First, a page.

Regarding companies, there was then also, according to Peattie; Crane (2005, p. 358) a high interest in green marketing and hence major changes and innovations. A survey from 1990 from Vandermerwe and Oliff’s has figured out, that 92 % of Europes multinationals said, that they have changed their products regarding to green issues, and 85 % said, that they have changed their production systems. Also in the United States, introductions of green products of all new household products more than doubled to 11.4 % between 1989 and 1990 and continued growing to 13.4 % in the year 1991 (Peattie; Crane, 2005, p. 358).

But, according to Lu et al (2013, p. 4), despite the huge growth of the market for green products during the 1990s, also deficiencies were experienced. It was figured out, that several companies were falsely advertising „environmentally friendly“ characteristics of products where environmental claims were not proven. As a result of this behavior of companies towards their customers, also called „green-washing“, companies lost the loyalty of long-term customers for profits and sales and additionally customers developed mistrust for environmental efforts (Lu et al, 2013, p. 4).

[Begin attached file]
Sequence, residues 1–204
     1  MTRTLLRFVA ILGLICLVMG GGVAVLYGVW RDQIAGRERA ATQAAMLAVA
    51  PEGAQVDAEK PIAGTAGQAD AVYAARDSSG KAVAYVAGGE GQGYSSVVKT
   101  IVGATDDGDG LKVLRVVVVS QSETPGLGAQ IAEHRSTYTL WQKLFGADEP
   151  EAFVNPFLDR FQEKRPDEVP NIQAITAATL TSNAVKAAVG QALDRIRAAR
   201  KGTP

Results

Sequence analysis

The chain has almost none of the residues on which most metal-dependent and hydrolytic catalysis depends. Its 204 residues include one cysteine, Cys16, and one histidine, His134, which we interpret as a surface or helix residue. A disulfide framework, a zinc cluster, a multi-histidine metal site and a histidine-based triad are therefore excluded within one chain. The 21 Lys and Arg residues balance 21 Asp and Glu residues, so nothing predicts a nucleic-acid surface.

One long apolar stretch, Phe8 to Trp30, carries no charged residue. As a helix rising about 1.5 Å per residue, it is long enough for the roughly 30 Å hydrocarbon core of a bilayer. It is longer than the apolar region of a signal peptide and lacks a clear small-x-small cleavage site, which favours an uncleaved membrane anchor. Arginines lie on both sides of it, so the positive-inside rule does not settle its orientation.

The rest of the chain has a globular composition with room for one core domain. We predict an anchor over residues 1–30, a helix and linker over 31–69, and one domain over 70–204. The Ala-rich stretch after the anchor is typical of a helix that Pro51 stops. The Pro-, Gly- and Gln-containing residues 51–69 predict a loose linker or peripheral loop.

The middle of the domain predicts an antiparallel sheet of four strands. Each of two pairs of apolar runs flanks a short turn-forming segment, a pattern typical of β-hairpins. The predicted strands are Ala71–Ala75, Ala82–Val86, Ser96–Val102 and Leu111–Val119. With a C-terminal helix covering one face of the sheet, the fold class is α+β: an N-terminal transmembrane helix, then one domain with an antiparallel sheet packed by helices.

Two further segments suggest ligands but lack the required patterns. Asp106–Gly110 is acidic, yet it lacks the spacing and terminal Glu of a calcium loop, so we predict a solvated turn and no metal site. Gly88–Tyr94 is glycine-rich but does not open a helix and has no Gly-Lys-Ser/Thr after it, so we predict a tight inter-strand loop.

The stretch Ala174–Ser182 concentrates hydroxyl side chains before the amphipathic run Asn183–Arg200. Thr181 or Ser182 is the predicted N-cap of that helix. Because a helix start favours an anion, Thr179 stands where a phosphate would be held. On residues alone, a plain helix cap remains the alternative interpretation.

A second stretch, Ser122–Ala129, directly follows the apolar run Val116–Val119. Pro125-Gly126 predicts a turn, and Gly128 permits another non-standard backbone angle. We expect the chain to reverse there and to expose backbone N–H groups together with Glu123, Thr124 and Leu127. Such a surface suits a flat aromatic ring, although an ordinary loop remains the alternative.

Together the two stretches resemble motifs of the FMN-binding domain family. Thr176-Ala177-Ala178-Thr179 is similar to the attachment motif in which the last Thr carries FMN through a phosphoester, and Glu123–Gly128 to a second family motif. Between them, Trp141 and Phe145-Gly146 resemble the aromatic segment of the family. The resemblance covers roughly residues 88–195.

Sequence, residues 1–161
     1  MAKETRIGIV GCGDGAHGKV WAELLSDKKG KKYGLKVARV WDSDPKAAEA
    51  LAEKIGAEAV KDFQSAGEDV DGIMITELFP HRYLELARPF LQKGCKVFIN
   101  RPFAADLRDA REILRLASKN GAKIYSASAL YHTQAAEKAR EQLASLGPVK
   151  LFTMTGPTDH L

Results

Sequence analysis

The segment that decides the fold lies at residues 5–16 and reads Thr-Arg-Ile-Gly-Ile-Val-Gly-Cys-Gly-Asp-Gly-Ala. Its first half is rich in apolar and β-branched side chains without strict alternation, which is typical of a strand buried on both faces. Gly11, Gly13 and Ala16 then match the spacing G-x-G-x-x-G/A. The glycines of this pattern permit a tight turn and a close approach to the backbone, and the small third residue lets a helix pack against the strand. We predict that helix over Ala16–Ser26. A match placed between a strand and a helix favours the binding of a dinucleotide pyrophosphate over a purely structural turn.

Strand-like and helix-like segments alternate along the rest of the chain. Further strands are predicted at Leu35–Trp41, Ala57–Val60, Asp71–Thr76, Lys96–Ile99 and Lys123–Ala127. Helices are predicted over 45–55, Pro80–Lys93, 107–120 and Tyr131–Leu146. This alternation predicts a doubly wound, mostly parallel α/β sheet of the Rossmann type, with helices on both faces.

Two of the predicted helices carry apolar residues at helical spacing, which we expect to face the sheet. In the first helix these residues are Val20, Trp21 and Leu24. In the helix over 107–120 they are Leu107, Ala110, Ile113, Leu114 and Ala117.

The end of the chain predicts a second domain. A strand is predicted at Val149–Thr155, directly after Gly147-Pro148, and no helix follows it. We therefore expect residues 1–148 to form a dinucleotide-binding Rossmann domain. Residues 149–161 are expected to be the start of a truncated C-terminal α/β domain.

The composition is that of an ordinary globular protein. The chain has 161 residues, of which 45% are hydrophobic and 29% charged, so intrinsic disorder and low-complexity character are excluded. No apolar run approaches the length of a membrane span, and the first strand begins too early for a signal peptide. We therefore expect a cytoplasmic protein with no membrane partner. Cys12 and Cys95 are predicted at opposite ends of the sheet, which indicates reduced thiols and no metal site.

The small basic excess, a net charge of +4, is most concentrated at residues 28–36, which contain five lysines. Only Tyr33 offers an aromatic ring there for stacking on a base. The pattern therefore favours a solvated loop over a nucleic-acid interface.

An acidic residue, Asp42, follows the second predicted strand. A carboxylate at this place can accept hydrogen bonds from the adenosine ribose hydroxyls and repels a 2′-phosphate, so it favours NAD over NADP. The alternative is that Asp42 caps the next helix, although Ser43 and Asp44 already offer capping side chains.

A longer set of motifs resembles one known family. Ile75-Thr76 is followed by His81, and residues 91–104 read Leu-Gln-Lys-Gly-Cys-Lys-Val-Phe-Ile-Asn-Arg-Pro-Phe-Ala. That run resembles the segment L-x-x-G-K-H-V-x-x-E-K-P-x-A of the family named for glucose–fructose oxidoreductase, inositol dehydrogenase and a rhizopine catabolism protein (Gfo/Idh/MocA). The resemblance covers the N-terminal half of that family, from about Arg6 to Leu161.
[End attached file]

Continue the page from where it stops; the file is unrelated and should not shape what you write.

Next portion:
From the year 2000 onwards, green marketing has got new impulses, for example the implementation of better technologies, stricter governmental regulations and improvements of the worldwide environmental awareness (Rahbar; Wahid, 2011, p. 74).

Now, also with the deeper inspection from different environmental organizations and also the media, green products have experienced a big improvement and found again consumer confidence from the 2000s onwards. Some researchers even consider it as a „comeback“ of green marketing (Lee, 2008, p. 575). But still, skepticism exists and in the past as well as today and in the future it’s important to take into account: if companies operate in an environmentally sustainable way, they will build up competitive advantage (Eerikäinen; Sarasoja, 2013, p. 233).